Science Science 2 Science 1


Year Six Heart Dissection

Science 1 Science 2 Science 3

Which material is Waterproof? Which material is absorbent?


Rothamsted Research 175th Anniversary Celebrations 2018

This year, Rothamsted Research, who at the heart of Harpenden and one of the largest science employers in Hertfordshire, is 175.
The children got to experience the festival’s insect and grassland zones, and go on a trailer ride of the farm. There was a treasure trove of exhibits and activities that shared the stories of Rothamsted’s incredible heritage and its role in the landmark discoveries in science, from the evolution of fertilisers to the search for kinder pesticides. The children experienced some of the technological transformations underway, as farming meets sensors, meets robotics.

Science 3

Affinity Water and Mad Science

We had a wonderful assembly this morning provided by Affinity Water and Mad Science. The children had great fun and learned easy and simple ways to save water around their homes. The presenters were energetic and brilliant with the children and the children enjoyed the interactive experiments explaining the water cycle and how we recycle water.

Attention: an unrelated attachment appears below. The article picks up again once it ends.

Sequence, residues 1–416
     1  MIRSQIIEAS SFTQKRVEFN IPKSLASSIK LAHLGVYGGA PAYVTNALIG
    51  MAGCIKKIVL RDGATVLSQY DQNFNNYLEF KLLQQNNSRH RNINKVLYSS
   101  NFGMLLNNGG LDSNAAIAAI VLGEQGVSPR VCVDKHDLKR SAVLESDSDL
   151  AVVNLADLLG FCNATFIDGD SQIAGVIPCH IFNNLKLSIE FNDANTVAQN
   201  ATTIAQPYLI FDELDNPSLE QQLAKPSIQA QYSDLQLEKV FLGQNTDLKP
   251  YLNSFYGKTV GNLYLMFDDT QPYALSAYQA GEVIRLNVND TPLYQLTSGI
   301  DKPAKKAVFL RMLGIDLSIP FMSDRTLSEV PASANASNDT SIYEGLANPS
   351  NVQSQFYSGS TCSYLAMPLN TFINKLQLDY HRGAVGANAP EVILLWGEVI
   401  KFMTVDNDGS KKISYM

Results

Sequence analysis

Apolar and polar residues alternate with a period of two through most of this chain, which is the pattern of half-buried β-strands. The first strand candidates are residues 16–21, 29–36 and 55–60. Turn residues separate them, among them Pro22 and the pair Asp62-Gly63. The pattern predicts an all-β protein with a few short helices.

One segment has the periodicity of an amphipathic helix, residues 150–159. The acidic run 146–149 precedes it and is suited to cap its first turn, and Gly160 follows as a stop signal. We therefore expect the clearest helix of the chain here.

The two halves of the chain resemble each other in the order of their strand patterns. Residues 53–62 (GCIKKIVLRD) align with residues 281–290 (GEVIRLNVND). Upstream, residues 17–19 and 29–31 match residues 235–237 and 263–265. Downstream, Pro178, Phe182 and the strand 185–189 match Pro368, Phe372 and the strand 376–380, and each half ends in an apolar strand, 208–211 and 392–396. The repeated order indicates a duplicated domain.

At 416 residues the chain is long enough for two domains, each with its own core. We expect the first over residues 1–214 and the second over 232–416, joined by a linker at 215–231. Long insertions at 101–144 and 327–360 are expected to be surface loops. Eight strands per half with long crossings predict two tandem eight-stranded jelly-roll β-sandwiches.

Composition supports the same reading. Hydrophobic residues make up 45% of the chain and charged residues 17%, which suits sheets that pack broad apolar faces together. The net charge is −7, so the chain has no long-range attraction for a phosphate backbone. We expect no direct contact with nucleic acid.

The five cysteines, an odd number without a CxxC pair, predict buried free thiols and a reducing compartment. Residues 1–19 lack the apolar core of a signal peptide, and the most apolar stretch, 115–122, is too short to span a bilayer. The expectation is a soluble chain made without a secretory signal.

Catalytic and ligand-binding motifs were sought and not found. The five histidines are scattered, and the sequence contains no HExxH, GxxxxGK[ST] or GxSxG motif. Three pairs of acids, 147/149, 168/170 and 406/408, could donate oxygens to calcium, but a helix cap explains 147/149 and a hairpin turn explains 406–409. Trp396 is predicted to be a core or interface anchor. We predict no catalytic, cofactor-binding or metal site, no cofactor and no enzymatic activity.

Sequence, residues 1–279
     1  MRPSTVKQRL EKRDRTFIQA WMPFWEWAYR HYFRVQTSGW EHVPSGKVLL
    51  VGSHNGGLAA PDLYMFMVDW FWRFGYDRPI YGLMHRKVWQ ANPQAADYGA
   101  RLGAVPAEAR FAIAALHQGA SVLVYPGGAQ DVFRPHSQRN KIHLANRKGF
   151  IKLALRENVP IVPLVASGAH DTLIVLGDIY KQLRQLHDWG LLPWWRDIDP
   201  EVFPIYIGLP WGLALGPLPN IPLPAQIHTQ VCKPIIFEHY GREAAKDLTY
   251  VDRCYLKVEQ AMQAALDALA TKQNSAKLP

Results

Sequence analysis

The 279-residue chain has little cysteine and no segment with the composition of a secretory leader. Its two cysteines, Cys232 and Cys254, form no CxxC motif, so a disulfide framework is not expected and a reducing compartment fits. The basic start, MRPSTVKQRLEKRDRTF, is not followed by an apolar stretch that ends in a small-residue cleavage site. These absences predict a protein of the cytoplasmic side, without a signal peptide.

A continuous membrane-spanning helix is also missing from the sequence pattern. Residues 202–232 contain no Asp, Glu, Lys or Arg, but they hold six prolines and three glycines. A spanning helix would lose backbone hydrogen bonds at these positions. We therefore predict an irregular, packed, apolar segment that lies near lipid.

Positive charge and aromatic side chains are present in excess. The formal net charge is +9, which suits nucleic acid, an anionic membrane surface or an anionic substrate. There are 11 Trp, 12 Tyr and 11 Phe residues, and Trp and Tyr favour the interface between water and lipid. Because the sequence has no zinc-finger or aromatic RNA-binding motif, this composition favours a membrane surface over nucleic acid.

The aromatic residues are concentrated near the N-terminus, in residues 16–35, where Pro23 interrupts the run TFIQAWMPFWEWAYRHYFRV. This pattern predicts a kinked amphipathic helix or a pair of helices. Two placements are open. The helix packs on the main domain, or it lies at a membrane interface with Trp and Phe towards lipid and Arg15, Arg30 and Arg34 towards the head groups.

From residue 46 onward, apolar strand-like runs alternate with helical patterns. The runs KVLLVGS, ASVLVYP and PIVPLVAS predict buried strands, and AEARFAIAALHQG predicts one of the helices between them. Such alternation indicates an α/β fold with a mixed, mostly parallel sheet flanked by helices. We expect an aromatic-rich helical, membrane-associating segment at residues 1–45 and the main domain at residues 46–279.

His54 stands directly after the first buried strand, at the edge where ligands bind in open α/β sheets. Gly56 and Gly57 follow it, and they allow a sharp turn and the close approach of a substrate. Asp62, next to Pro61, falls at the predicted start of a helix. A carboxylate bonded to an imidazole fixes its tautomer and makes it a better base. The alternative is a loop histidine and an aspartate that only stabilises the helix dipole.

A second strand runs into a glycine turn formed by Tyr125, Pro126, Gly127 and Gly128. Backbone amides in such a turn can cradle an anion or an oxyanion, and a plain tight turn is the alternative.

Science 4

Year 5 Trip to the National History Museum

We went to learn about Earthquakes and Volcanoes, we explored the museum section about Earthquakes and Volcanoes. We watched an Earthquake and Volcanoes show. We used seismographs which show when an Earthquake is happening. We also helped to evacuate a town which was about to be destroyed by a volcanic eruption.We created lava and watched how slowly it can run and how quickly it sets. Finally we had some free time to enjoy other parts of the museum. We had a fab day! 

Science 5

Science Week - Reception Class

Reception have had a wonderful week exploring their senses. They have been looking at how we can change the state of foods. They have made jelly and discussed dissolving and setting it. Ladybird class have made butter out of double cream by shaking and whisking. They have explored different tastes such as jelly, salty popcorn, lemon and butter.

Science 7 Science 8

Rainbow Colours

Elmer class were making predictions and testing what would happen to skittles once water was added. They were also looking at colour combinations.

Is it a solid or a liquid?

Elmer class mixed cornflour and water to make gloop! They had lots of fun exploring the gloop and discussed if it was a solid or a liquid?

Science 9 Science 10

Science Week - Year 1/2 Aslan Class

A tree hunt looking for deciduous and evergreen trees.

Science 12 We looked at the density of different liquids and made lava lamps.

We designed and made models using marshmallows and spaghetti. We based our designs around buildings and looked at the structure needed to make it stable.

We set up an experiment to investigate how clean our hands really were! We observed over time what happened to our bread.

Science 13

Science Week - Year 3/Year 5

Year 3 have been designing a system to transport tomatoes from the top of a mountain in Nepal to the market town at the base of the mountain. They used the following resources: spaghetti, cups, string, Lego, sellotape and glue.